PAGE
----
Other moonshiners, and often the same ones who make 'lightnin', make a different kind of 'shine in their stills. This is real honest-to-Pete corn whiskey (or rye whiskey) This form of fresh whiskey, called "corn whiskey" or "rye whiskey", "white whiskey", or "white dog", uses little if any Dixie Crystal Pure Cane Sugar, and obtains its sugars from the enzymes found in malted corn or barley. This is the whiskey the distillers drink themselves and serve to friends. Unless you're family or a neighbor, the only way you're going to taste this whiskey is to get yourself invited to the daughter's wedding. That's because, unlike bread, or candles, or apple pies, or furniture, it's illegal to make whiskey at home non-commercially in the United States. The law sees no difference between a distiller of whiskey for gifts or personal consumption and an unlicensed commercial distiller. Still meeting its original mandate to eliminate a competing monetary basis, the law forbids any distilling (or even possession) of beverage alcohol whatever, except for large, licensed, regulated commercial distilleries.

But we're not concerned here with whiskey you can't legally buy or distillers you can't visit without "gittin' yore haid blowed off". What separates the distillers of fresh whiskey we'll be visiting here from their moonshinin', bootleggin' cousins is that they're legally licensed to produce, bottle, sell, and pay taxes on whiskey marketed through regular retail channels. What separates their operations from the other whiskey distilleries we've been visiting is that these distillers make fresh, white whiskey.

And within the past few years, some brave souls have gone to the considerable expense and trouble to obtain official sanction to produce and sell it legally. In 2005, Linda and John visited the sites of three such distillers. One is Payton Fireman, a young lawyer and entrepreneur in Morgantown, West Virginia, whose West Virginia Distillery Company produces Mountain Moonshine, a perfectly legal unaged white spirit whiskey made from a bourbon-recipe base. Another is Rodney Facemire, another West Virginian, who was the owner and winemaker at Kirkwood Winery in beautiful Summersville, West Virginia for many years (and still is), before deciding to concentrate on his Isaiah Morgan Distillery operation. Rodney not only makes corn liquor, but he is one of only two legal bottlers of unaged rye whiskey in the world (actually the only one, since Old Potrero, the brand Fritz Maytag produces in San Francisco, California is no longer offered completely unaged). Just outside of Culpeper, Virginia, we meet Chuck and Jeanette Miller whose Belmont Farms of Virginia produces Virginia Lightning and Copper Fox from corn grown on their own farm and distilled in their big old 1930's moonshine still. And they sell it, quite legally, through the Virginia Alcoholic Beverage Control stores.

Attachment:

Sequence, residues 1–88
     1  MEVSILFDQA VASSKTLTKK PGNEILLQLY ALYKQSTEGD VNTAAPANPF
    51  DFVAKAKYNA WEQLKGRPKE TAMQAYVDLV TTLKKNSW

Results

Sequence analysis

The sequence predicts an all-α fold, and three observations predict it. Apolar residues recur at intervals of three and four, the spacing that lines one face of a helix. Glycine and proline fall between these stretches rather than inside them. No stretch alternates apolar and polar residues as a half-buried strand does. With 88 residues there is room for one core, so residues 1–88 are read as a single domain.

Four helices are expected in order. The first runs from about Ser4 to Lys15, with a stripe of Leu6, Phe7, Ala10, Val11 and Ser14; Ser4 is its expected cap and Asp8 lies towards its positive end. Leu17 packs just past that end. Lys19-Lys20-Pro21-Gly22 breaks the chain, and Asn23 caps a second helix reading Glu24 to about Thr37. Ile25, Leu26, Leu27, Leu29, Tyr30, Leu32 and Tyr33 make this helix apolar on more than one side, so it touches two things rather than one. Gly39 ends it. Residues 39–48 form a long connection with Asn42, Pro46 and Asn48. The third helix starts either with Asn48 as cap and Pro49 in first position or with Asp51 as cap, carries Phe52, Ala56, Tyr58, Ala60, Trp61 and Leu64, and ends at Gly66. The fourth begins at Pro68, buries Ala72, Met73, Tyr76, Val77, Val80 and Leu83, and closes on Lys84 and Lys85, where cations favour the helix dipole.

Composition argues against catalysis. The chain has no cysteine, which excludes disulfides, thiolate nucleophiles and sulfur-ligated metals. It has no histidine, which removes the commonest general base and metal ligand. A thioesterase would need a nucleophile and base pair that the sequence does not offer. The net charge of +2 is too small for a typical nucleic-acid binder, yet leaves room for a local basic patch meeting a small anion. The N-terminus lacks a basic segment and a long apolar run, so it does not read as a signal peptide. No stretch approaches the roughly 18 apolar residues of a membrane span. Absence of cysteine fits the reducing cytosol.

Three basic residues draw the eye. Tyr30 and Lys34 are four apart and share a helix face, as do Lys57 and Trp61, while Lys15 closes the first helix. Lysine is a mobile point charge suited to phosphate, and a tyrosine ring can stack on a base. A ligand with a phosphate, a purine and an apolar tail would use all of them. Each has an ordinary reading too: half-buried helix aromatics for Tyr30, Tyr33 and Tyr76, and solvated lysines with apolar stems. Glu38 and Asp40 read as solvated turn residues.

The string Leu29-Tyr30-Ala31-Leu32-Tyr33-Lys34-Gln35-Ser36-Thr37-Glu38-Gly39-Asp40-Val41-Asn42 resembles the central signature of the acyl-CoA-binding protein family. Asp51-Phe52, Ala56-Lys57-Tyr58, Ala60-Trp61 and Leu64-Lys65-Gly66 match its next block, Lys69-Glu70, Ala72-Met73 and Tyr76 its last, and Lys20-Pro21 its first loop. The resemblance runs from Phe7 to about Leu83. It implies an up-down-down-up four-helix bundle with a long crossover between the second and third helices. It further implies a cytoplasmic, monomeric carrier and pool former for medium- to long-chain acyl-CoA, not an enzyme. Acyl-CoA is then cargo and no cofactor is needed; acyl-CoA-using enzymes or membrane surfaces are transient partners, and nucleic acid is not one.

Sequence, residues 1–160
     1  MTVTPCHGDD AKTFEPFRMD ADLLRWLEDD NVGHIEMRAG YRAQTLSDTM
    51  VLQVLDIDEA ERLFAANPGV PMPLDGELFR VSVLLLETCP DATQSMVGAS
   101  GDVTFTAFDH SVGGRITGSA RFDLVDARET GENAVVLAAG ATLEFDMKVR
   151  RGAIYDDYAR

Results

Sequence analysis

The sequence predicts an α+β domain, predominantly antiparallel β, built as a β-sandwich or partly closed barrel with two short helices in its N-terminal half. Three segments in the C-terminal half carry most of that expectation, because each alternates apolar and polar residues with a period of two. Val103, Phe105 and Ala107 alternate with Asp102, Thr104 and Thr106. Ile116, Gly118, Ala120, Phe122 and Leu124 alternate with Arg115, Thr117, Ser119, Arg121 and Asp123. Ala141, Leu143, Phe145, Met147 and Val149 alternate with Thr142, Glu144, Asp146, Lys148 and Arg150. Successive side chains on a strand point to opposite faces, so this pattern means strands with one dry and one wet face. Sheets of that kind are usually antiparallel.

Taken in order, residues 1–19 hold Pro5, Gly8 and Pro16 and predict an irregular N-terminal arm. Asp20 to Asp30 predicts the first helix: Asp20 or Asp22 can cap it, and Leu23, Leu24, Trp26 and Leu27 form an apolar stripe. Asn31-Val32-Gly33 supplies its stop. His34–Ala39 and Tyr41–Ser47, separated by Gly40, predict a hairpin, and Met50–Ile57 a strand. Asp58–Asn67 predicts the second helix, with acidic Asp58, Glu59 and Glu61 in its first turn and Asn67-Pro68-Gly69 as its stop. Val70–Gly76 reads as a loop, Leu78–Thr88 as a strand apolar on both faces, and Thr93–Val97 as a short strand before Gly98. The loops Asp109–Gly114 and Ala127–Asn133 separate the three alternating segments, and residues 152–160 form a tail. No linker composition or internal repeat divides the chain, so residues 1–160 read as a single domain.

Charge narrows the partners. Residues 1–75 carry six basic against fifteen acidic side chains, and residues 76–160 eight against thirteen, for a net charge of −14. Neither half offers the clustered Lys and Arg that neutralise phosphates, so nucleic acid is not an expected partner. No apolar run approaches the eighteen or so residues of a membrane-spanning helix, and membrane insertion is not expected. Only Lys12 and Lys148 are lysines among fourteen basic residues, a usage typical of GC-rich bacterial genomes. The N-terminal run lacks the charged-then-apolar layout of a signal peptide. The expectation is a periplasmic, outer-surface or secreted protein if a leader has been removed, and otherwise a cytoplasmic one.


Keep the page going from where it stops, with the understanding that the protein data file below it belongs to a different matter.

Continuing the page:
In 2011, they visited another handful of (legal) white whiskey distillers. As the laws of the individual states begin catching up to the federal 21st Amendment, there will be more and more small, craft/artisan distillers, and because you can't make old spirits or new spirits without starting with white spirits, we will almost certainly be seeing more and more of them. It's impossible to keep up, and we don't intend to try, but each of these distillers offers an important experience in both the way spirits are made and they way America was made. You should visit them, too, if you get a chance. They'd love to see you.

Corn whiskey (and unaged rye whiskey as well) is a very different spirit from aged bourbon or rye, and not everyone likes the taste of their whiskey raw. But for those who do enjoy it, and for those who want to understand the relationship between the product of the corn or rye farmer and the spirit we know as bourbon or rye whiskey, the following explorations are vital to understand.

White Whiskey: Yes, Virginia (and West Virginia, Tennessee, and even Kentucky), there is legal, hand-crafted hooch

Belmont Farms of Virginia Culpeper, Virginia Chuck and Jeanette Miller have been making Virginia Lightning and Copper Fox here since 1989. Now they're being featured on public television and The History Channel and gearing up for visiting tourists.
Corsair Artisan Distillery Nashville, Tennessee
Bowling Green, Kentucky
Darek Bell and Andrew Webber produce very sophisticated spirits, the type sought by the top bartenders and mixologists in the country. They make them from white spirits they distill in Nashville, one of which is a white dog rye whiskey they bottle by itself as Wry Moon.
Isaiah Morgan Distillery Summersville, West Virginia Rodney Facemire's distillery is (a very small) part of his Kirkwood Winery. He makes white brandy (grappa), Southern Moon white corn liquor, and unaged Isaiah Morgan Rye Whiskey.
M. B. Roland Distillery Pembroke, Kentucky Paul Tomaszewski and his wife Merry Beth (nee Roland), for whom the distillery is named distill White Dog, Black Dog, and True Kentucky 'Shine from locally-grown corn, along with several other products made from white whiskey. They make make aged whiskey, as well.
Prichard's Distillery Kelso, Tennessee Phil Prichard is a craftsman and an experimenter, and a respecter of no one's limitations on what can be made with a good still and some Moxie. His interests tend toward rum, but he enjoys making whiskey. Especially controversial whiskey. His Lincoln County Lightning calls into question all the "expert" definitions of Tennessee whiskey.
West Virginia Distilling Co. Morgantown, West Virginia   Payton Fireman makes Mountain Moonshine spirit whiskey and Mountain Moonshine Old Oak Recipe in Bo McDaniel's old auto repair garage.

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Story and original photography copyright © 2005 by Linda Lipman and John Lipman.